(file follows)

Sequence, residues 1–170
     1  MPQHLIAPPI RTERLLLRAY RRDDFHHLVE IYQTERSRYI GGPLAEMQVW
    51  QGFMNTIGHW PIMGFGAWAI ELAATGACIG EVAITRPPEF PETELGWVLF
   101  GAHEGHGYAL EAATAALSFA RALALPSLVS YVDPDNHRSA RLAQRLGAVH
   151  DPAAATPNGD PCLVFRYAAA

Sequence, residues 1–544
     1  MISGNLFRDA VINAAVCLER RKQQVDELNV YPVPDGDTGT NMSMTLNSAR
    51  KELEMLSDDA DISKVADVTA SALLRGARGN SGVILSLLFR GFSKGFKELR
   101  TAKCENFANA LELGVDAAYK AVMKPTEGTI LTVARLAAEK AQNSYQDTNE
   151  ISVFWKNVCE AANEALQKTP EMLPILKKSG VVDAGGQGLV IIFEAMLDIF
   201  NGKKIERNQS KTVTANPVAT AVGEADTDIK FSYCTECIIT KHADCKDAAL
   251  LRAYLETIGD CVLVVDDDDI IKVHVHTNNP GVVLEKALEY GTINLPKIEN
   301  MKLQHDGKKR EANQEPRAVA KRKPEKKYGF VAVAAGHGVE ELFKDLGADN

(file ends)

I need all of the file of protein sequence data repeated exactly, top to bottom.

Sequence, residues 1–170
     1  MPQHLIAPPI RTERLLLRAY RRDDFHHLVE IYQTERSRYI GGPLAEMQVW
    51  QGFMNTIGHW PIMGFGAWAI ELAATGACIG EVAITRPPEF PETELGWVLF
   101  GAHEGHGYAL EAATAALSFA RALALPSLVS YVDPDNHRSA RLAQRLGAVH
   151  DPAAATPNGD PCLVFRYAAA

Sequence, residues 1–544
     1  MISGNLFRDA VINAAVCLER RKQQVDELNV YPVPDGDTGT NMSMTLNSAR
    51  KELEMLSDDA DISKVADVTA SALLRGARGN SGVILSLLFR GFSKGFKELR
   101  TAKCENFANA LELGVDAAYK AVMKPTEGTI LTVARLAAEK AQNSYQDTNE
   151  ISVFWKNVCE AANEALQKTP EMLPILKKSG VVDAGGQGLV IIFEAMLDIF
   201  NGKKIERNQS KTVTANPVAT AVGEADTDIK FSYCTECIIT KHADCKDAAL
   251  LRAYLETIGD CVLVVDDDDI IKVHVHTNNP GVVLEKALEY GTINLPKIEN
   301  MKLQHDGKKR EANQEPRAVA KRKPEKKYGF VAVAAGHGVE ELFKDLGADN